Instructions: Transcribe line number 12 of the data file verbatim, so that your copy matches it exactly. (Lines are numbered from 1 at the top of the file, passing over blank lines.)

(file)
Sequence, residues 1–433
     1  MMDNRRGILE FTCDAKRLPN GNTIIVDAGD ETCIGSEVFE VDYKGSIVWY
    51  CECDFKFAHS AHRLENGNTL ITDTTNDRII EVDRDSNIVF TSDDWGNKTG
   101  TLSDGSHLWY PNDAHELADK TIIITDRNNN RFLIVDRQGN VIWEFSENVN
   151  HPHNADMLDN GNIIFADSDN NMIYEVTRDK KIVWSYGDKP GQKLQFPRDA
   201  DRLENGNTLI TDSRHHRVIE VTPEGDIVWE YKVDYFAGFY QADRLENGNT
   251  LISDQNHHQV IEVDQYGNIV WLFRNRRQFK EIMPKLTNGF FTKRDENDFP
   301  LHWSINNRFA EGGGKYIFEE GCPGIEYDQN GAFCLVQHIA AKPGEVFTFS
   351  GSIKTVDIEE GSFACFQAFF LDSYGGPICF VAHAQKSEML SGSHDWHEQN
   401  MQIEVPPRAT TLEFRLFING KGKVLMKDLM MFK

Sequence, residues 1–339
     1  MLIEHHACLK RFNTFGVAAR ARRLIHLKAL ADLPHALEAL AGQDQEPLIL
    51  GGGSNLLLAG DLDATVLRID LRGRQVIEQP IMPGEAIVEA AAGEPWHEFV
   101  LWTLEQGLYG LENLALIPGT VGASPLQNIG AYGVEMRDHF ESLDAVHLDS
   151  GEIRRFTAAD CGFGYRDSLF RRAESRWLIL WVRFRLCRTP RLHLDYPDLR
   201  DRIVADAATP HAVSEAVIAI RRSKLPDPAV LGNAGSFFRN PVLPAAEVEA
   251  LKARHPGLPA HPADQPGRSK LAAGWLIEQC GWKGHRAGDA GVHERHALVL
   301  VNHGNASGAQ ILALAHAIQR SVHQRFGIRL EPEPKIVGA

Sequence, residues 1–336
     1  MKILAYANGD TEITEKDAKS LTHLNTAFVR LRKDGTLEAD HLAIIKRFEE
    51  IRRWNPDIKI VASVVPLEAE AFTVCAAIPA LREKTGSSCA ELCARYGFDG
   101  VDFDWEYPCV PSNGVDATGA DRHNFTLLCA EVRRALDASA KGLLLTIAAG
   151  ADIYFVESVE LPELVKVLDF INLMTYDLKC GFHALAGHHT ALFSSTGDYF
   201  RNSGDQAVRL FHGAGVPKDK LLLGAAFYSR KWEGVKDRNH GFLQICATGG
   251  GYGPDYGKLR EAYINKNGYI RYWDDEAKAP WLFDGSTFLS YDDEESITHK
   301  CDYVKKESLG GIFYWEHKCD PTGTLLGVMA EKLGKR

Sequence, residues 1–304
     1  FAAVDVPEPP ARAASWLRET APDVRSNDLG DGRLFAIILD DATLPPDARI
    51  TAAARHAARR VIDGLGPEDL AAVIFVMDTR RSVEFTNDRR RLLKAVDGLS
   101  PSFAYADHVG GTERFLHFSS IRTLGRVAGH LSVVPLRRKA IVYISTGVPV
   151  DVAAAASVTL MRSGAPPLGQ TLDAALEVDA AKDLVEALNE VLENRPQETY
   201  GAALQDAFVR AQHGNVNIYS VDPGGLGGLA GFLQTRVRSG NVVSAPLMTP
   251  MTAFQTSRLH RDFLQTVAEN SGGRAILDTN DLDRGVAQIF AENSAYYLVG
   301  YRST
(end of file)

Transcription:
     1  MLIEHHACLK RFNTFGVAAR ARRLIHLKAL ADLPHALEAL AGQDQEPLIL